Bassler Lab Research
Our lab wants to understand quorum sensing: the process of cell-cell communication in bacteria. Quorum sensing involves the production, release, and subsequent detection of chemical signal molecules called autoinducers. This process enables populations of bacteria to regulate gene expression, and therefore behavior, on a community-wide scale. Quorum sensing is wide-spread in the bacterial world, so understanding this process is fundamental to all of microbiology, including industrial and clinical microbiology, and ultimately to understanding the development of higher organisms Our studies of quorum sensing are providing insight into intra- and inter-species communication, population-level cooperation, and the design principles underlying signal transduction and information processing at the cellular level. These investigations are also leading to synthetic strategies for controlling quorum sensing. Our objectives include development of anti-microbial drugs aimed at bacteria that use quorum sensing to control virulence, and improved industrial production of natural products such as antibiotics. We have pursued our goal of understanding bacterial communication by combining genetics, biochemistry, structural biology, chemistry, microarray studies, bioinformatics, modeling, and engineering approaches.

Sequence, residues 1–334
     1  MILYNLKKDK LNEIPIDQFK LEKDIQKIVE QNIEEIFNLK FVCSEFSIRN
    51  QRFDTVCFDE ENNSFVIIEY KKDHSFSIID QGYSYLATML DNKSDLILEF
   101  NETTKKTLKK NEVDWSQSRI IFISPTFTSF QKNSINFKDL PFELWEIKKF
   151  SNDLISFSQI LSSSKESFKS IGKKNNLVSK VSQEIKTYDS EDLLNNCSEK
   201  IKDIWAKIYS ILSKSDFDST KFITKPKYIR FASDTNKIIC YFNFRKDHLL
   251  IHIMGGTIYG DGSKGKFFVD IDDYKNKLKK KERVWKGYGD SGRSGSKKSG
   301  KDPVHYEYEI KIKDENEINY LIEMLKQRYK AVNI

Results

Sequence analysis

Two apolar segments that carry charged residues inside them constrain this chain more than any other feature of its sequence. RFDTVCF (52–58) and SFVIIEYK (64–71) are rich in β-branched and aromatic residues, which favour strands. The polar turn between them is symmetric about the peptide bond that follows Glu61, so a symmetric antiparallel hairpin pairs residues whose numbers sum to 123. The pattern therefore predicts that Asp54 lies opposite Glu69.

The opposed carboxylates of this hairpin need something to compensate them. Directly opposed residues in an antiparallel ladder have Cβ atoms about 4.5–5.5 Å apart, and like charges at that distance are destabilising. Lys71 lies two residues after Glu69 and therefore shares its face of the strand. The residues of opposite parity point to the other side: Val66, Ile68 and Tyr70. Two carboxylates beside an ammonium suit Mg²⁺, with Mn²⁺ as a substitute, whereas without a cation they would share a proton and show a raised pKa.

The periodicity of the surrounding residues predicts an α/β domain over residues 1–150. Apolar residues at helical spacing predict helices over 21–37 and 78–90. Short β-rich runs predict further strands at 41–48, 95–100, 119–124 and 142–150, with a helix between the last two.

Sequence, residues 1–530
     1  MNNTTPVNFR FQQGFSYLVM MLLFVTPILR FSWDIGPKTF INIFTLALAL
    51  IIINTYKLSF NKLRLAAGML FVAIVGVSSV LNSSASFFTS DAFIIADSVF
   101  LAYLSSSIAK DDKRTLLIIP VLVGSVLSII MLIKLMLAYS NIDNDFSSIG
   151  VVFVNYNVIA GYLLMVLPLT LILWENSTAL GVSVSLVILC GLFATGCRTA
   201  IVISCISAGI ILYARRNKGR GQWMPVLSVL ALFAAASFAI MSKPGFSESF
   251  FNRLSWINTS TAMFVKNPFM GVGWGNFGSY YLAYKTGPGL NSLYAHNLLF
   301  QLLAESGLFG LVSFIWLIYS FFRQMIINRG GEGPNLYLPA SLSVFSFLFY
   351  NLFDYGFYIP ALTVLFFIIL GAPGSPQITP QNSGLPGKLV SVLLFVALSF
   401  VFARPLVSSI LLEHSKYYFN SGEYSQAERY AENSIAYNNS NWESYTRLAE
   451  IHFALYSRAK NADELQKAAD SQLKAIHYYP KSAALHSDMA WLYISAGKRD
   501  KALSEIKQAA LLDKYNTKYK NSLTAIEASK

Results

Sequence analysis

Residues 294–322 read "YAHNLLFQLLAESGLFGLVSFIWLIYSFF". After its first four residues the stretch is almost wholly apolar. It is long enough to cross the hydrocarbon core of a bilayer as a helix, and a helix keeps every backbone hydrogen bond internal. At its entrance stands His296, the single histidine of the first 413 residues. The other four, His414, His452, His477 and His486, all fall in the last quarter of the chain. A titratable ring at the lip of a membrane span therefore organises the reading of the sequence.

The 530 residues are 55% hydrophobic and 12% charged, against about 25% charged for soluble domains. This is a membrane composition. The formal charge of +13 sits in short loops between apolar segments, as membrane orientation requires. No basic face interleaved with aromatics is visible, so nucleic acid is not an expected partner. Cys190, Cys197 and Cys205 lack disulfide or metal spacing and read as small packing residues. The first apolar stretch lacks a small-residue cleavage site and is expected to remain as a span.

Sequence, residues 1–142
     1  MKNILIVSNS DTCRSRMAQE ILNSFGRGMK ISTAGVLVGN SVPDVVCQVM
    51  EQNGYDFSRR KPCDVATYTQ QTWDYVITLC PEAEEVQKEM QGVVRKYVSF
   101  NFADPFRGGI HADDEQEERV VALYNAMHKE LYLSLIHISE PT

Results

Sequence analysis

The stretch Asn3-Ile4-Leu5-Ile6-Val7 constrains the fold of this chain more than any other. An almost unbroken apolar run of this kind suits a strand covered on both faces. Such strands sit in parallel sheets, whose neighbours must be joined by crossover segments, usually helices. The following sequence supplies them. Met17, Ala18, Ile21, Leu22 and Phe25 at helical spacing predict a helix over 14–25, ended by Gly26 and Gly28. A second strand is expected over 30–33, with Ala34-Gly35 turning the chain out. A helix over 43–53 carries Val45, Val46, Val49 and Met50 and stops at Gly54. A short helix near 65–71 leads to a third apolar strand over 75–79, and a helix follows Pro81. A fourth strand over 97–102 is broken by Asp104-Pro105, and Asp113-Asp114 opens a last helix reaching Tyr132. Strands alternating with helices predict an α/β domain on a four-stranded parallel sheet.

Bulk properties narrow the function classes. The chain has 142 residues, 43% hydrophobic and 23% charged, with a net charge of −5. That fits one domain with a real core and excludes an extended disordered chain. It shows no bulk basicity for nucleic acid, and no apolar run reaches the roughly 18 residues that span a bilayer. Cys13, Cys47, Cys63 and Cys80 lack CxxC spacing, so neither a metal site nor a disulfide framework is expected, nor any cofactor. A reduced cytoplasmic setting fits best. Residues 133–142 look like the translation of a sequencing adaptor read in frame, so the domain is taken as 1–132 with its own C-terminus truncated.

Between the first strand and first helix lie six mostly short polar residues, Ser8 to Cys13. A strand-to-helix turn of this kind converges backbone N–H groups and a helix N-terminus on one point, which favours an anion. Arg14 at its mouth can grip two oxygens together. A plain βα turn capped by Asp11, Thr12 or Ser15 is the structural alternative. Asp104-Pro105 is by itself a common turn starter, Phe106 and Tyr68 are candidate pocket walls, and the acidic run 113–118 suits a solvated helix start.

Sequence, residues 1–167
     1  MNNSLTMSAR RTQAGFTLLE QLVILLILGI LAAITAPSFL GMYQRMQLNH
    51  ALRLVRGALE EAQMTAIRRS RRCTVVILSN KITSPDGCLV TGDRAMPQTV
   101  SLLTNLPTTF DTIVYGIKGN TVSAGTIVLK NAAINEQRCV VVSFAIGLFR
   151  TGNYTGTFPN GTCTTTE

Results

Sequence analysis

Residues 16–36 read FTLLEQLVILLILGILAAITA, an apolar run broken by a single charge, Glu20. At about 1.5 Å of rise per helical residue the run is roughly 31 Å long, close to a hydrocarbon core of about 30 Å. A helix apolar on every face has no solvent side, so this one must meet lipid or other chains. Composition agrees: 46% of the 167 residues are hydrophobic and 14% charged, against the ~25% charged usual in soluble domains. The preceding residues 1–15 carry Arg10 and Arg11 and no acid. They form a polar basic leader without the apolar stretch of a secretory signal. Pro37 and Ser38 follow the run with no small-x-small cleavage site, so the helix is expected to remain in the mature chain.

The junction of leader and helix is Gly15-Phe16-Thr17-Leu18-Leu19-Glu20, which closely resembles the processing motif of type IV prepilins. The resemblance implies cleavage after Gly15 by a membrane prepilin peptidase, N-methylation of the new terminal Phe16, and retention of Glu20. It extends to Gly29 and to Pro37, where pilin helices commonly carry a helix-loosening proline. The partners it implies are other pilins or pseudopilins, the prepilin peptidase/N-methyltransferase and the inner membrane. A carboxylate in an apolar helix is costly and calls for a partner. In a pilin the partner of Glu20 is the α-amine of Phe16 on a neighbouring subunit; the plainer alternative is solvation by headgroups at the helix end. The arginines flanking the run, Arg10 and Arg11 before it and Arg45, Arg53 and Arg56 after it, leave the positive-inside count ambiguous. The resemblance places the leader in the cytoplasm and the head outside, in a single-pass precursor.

Bacterial processes such as biofilm formation, virulence factor secretion, bioluminescence, antibiotic production, sporulation, and competence for DNA uptake are often critical for survival. However, these behaviors are seemingly futile if performed by a single bacterium acting alone. Yet, we know that bacteria perform these tasks effectively. How do bacteria manage? We now understand that, through quorum sensing, bacteria synchronously control gene expression in response to changes in cell density and species complexity. Quorum sensing allows bacteria to switch between two distinct gene expression programs: one that is favored at low-cell-density for individual, asocial behaviors, and another, that is favored at high-cell-density for social, group behaviors.
The fundamental steps involved in detecting and responding to fluctuations in cell number are analogous in all known quorum-sensing systems. First, low molecular weight molecules called autoinducers are synthesized intracellularly. Second, these molecules are either passively released or actively secreted outside of the cells. As the number of cells in a population increases, the extracellular concentration of autoinducer likewise increases. Third, when autoinducers accumulate above the minimal threshold level required for detection, cognate receptors bind the autoinducers and trigger signal transduction cascades that result in population-wide changes in gene expression. Thus, quorum sensing enables cells in a population to function in unison and, in so doing; they carry out behaviors as a collective.
The Model Bacterium Vibrio harveyi and Our Studies to Understand Quorum-Sensing Signal-Transduction Mechanisms